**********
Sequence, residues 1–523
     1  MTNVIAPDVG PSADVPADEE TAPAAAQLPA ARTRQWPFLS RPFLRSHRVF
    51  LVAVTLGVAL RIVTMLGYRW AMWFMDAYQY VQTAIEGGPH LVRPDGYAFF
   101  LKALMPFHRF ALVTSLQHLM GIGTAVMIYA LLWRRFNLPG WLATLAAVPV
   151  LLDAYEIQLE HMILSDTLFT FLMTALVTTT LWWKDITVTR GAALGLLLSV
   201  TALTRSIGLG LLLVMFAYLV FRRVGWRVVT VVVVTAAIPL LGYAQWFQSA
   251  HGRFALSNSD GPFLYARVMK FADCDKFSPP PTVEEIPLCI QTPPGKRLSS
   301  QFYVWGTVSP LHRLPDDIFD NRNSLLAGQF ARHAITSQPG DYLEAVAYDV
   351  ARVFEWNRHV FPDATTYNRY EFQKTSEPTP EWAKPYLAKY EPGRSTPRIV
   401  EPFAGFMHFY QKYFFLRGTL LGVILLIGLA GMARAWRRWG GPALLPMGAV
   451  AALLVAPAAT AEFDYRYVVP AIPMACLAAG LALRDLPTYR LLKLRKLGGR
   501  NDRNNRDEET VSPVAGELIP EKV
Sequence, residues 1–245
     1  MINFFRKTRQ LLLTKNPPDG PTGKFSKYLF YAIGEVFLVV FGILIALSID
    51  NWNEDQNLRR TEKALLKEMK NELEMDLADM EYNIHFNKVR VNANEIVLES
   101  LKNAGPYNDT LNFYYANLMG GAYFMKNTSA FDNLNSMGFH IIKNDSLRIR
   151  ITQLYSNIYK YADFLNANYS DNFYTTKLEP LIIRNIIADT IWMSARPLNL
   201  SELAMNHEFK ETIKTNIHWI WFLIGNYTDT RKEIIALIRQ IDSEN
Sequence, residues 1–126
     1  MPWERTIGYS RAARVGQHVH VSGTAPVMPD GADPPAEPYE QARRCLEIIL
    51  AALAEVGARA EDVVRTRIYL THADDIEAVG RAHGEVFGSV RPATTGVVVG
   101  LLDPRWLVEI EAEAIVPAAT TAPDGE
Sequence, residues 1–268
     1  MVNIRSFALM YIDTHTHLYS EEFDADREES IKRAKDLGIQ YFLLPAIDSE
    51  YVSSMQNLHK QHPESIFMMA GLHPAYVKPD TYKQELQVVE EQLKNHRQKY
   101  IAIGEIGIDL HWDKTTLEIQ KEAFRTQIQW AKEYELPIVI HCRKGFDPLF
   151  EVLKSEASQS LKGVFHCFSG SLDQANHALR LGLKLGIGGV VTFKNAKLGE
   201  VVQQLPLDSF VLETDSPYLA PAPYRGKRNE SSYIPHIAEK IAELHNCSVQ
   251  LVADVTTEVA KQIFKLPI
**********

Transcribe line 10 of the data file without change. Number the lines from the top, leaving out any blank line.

   401  EPFAGFMHFY QKYFFLRGTL LGVILLIGLA GMARAWRRWG GPALLPMGAV